The chief risk officer at the time of MF Global's collapse is expected to tell a congressional committee he sounded concerns about the firm's European sovereign debt trades in July 2011, three months before the firm declared bankruptcy.
Michael Stockman, who joined the company in January 2011 to replace Michael Roseman, will testify before the Oversight and Investigations Subcommittee of the House of Representatives Committee on Financial Services on Thursday. Roseman departed over clashes with Chief Executive Jon Corzine about the size of the European trade, people familiar with the matter have said. He stayed through March to help with the transition.
At the hearing, Stockman will say he believed it was prudent for the company to "mitigate the increased risks associated with its European sovereign debt trading position, and to consider entering into hedging transactions to reduce the company's exposure," according to a copy of his testimony reviewed by The Wall Street Journal.
Stockman will say he highlighted the default and liquidity risks associated with the European debt trades in written and oral presentations to the board at the August 2011 board meeting. After that meeting, the board decided to "cease adding to the company's long position in European sovereign debt and to allow existing long positions to roll off," he will say.
Prior to joining MF Global, Stockman worked for a financial services boutique and also held risk management positions at UBS. He previously worked as a mortgage trader at Morgan Stanley and Goldman Sachs. In 2008, Stockman co-authored a paper on the credit crisis that offered his perspective on risk management and ways to avoid another implosion.
MF Global filed for Chapter 11 bankruptcy protection Oct. 31.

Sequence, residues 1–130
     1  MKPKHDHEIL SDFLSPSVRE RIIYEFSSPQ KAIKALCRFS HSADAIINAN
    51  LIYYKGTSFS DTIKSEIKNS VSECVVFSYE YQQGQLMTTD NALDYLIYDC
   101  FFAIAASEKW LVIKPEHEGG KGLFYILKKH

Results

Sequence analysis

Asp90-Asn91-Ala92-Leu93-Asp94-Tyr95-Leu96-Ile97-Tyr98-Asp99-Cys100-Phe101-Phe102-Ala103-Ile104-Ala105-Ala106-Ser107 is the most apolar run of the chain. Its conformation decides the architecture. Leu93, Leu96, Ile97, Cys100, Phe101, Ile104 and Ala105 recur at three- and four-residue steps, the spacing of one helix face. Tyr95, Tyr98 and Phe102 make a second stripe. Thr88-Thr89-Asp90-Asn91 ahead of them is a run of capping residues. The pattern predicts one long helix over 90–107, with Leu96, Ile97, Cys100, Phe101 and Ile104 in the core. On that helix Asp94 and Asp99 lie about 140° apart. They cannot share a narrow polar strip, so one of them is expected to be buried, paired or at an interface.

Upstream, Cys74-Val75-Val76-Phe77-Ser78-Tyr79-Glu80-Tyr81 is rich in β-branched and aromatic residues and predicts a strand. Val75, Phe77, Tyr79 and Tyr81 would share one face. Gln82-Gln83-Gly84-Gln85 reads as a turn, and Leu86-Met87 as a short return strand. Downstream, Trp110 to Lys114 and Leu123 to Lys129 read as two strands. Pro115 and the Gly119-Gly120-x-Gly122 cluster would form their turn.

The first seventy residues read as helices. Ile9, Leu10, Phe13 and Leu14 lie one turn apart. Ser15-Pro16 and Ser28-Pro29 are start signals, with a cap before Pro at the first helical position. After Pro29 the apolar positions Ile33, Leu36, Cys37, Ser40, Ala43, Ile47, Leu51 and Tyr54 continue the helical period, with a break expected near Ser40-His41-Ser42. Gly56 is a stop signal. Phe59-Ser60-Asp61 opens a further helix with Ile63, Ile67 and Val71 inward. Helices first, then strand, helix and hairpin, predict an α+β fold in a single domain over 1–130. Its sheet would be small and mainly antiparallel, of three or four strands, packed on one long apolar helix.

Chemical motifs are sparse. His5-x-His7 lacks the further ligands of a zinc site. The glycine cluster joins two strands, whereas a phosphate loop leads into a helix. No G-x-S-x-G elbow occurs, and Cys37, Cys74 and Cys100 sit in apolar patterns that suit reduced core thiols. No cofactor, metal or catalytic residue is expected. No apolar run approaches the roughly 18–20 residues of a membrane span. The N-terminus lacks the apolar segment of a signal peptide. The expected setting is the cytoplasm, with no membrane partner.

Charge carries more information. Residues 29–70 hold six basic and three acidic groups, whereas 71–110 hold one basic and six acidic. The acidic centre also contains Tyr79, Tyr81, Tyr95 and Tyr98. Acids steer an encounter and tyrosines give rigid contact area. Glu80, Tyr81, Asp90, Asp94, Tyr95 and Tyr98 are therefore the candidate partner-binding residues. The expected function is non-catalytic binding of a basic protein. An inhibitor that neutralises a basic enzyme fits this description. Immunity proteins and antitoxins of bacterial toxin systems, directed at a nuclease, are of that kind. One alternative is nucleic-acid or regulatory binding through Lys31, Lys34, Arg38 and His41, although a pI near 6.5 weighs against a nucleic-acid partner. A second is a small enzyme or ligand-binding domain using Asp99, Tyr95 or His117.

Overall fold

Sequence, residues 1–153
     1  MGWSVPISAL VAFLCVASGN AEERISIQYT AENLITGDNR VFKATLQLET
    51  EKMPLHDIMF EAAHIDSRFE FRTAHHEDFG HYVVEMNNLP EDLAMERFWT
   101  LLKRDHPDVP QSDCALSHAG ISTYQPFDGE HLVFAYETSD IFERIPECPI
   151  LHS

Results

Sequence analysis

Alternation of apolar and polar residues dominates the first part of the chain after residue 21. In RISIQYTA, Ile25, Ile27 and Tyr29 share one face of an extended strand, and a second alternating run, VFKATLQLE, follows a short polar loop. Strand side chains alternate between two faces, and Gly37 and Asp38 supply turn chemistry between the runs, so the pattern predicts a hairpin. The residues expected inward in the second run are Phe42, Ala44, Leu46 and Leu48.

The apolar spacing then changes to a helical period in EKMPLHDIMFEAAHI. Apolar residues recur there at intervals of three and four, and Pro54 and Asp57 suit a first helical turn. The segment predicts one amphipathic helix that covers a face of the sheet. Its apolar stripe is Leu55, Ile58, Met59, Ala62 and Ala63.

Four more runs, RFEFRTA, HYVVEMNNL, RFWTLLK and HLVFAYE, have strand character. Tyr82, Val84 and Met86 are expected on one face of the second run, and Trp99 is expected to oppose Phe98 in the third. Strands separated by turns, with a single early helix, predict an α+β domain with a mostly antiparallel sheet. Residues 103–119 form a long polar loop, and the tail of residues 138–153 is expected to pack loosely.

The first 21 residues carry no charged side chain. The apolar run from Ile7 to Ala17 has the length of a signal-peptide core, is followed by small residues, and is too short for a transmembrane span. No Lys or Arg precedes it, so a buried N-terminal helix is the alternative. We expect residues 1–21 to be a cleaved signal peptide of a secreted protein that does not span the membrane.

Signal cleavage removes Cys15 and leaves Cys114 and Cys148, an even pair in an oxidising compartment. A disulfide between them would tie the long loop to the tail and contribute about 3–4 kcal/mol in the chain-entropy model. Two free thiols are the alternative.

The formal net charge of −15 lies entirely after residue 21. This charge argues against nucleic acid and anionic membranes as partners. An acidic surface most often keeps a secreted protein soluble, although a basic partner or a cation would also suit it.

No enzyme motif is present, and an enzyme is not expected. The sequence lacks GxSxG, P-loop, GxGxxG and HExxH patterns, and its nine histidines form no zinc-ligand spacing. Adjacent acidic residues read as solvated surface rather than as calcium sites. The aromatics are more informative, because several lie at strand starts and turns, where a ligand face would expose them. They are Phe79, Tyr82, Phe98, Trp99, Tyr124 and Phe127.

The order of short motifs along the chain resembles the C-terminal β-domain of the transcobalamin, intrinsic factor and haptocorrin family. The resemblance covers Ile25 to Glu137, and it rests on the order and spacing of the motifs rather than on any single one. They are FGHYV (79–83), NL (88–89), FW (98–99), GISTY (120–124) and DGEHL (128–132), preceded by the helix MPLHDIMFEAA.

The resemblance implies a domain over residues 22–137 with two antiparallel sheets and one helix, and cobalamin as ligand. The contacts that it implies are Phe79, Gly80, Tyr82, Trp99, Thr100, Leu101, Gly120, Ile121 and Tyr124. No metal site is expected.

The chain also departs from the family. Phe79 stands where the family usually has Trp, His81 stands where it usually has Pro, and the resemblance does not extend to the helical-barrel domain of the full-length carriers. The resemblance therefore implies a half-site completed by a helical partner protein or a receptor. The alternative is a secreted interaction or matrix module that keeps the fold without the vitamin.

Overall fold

Separately, Commodity Futures Trading Commissioner Scott O'Malia said in a speech Tuesday that the regulator should consider taking on the power to appoint its own trustee in bankruptcy cases in the wake of the company's collapse.
The current trustee overseeing the liquidation of MF Global Inc., which housed the firm's broker dealer and its futures merchant, was appointed by the Securities Investor Protection Corp., or SIPC. Created by Congress, SIPC helps restore funds to investors with assets sitting in bankrupt or financially trouble brokerage firms.
The CFTC, meanwhile, has little role in allocating assets to clients, Mr. O'Malia said in a speech at the New York Law School. ``This dynamic is not optimal,'' he said. ``The interests of futures customers are not always aligned with the interests of securities customers.''
To remedy the situation, the CFTC should consider asking Congress to give it the power to appoint its own trustee, said Mr. O'Malia, one of two republican CFTC commissioners.
The SIPC trustee overseeing the case, James Giddens, is investigating what became of an estimated $1.2 billion in missing customer funds. The majority of those funds went missing from futures accounts. Because there's no backstop for futures accounts under current law, customers might not get all of their money back.
Mr. O'Malia, however, said he's skeptical about proposals being discussed to add an insurance fund to futures accounts similar to SIPC, which handles failed securities firms.
In response to a question about why the MF Global bankruptcy went to SIPC, Mr. O'Malia said "we are stuck with what we have,'' quickly adding that he was "supportive'' of the trustee's efforts to recover money. But he said that in the future, a separate trustee should be available to look at issues to protect futures customers. "Our regulations aren't the same as securities'' regulations, he said.
Write to Julie Steinberg at Julie.Steinberg@dowjones.com